Mixed-Mode HPLC Separations: What, Why, and How


LCGC North America

LCGC North AmericaLCGC North America-03-01-2014
Volume 32
Issue 3
Pages: 226

The mechanisms of mixed-mode chromatography are explained, with reference to the parameters that are used to optimize selectivity and retention.

Although reversed-phase columns (such as C18) are used in a wide range of applications, they often fail to retain highly polar (or charged) analytes, and offer limited selectivity.

Hydrophilic-interaction chromatography (HILIC) is often used to analyze polar analytes, but it encounters challenges such as increased use of organic solvents, poor solubility of analytes in highly organic media, retention affects created by the sample matrix, and a limitation to the extent to which the retention of hydrophobic analytes can be controlled.

Ion-exchange chromatography can be used to retain charged molecules, but it fails to retain neutral analytes and can show poor selectivity for analytes of the same charge.

A current estimate of the usage of these techniques is reversed phase ~60+%; HILIC or normal phase ~18%; ion exchange ~5%.

The use of mixed-mode stationary phases can offer a solution to some of the problems outlined above and their properties and applications can be summarized as follows:

  • Mixed-mode chromatography is a method that uses more than one separation mode; mainly reversed-phase combined with ion-exchange interactions, which allows the retention and separation of both polar and nonpolar analytes in a single analysis.

  • The biggest benefit of this approach is that selectivity can be optimized by adjusting mobile-phase ionic strength, pH, or organic solvent. As a result, the selectivity can be finely tuned for the separation of compounds with widely different physico-chemical properties. For example, drug molecules and their counterions may be separated in a single analysis.

  • Mixed-mode chromatography requires no ion-pairing agents in the mobile phase for separating highly hydrophilic charged analytes, which simplifies the mobile phase and is compatible with mass spectrometry (MS).

A general schematic for the various approaches to producing mixed-mode stationary phases is shown in Figure 1.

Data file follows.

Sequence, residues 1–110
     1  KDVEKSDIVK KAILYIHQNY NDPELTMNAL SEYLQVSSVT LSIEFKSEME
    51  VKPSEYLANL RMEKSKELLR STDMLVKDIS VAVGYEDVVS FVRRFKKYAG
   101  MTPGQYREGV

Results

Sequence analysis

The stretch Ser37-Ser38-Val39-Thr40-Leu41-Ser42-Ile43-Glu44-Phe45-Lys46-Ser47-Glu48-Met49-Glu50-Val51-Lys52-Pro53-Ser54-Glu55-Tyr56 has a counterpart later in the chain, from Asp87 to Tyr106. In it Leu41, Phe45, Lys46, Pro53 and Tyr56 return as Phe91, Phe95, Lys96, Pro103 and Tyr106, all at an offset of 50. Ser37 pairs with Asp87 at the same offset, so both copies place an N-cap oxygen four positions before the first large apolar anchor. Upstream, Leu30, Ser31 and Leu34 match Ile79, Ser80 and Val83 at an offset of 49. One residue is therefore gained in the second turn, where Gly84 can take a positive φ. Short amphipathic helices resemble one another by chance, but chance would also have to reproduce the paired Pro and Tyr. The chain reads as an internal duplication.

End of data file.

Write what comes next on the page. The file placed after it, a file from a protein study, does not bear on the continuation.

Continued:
Figure 1: Schematic representation of the various approaches to producing mixed-mode stationary phases.

The mixed-beads approach in Figure 1 is a blend of two different stationary phases into a single column: reversed phase (in black) and ion exchange (in red). Issues with this approach include concerns regarding the batch-to-batch reproducibility and homogeneity of the resulting high performance liquid chromatography (HPLC) columns.

The mixed-ligand approach to mixed-mode stationary phase production was a second-generation product, but again, ensuring the absolutely reproducibility and homogeneity of the surface is problematic.

The embedded and tipped ligands are a third-generation approach to mixed-mode phases and produce homogeneous and reproducible mixed-mode phases. The position of the ion-exchange group within the bonded phase ligand dictates the relative strength of the hydrophobic and electrostatic interactions and the embedded ligand can be described as an ion-exchange–modified reversed-phase column and the tipped ligand as a reversed-phase–modified ion-exchange column.

The zwitterionic ligand is a fourth-generation approach to mixed-mode separations in which both anionic and cationic functional groups are included in each ligand and the strength and position of the ion-exchange moieties can be altered to affect the selectivity of each ligand towards various analytes.

In mixed-mode separations, the hydrophobic moieties of analyte molecules are retained by interaction with the hydrophobic parts of the bonded ligand, and the charged groups are either retained or repelled by the ion-exchange groups on the stationary phase surface. There are several ways to control retention and selectivity with mixed-mode phases, as one might imagine.

The amount of organic modifier can be altered to affect changes in retention and selectivity of the separation, primarily by changing the hydrophobicity of the eluent, as would be typical for a reversed-phase separation.

Eluent pH can also be used to alter selectivity and retention, and the pH will affect not only the degree of ionization of the analyte molecule, but also the extent of the surface charge if weak anion- or cation-exchange ligands are used. The ionic strength of the eluent can be used to alter the separation characteristics, and ionic-strength gradients are often used to increase the elution strength of the eluent with respect to the electrostatic interactions between analytes and the stationary phase surface.

The nature of mixed-mode stationary phases offer several possibilities to "tune" the selectivity of a separation and as such offer an important tool in the analytical armory for anyone dealing with highly polar analytes or analytes whose physicochemical properties differ widely.

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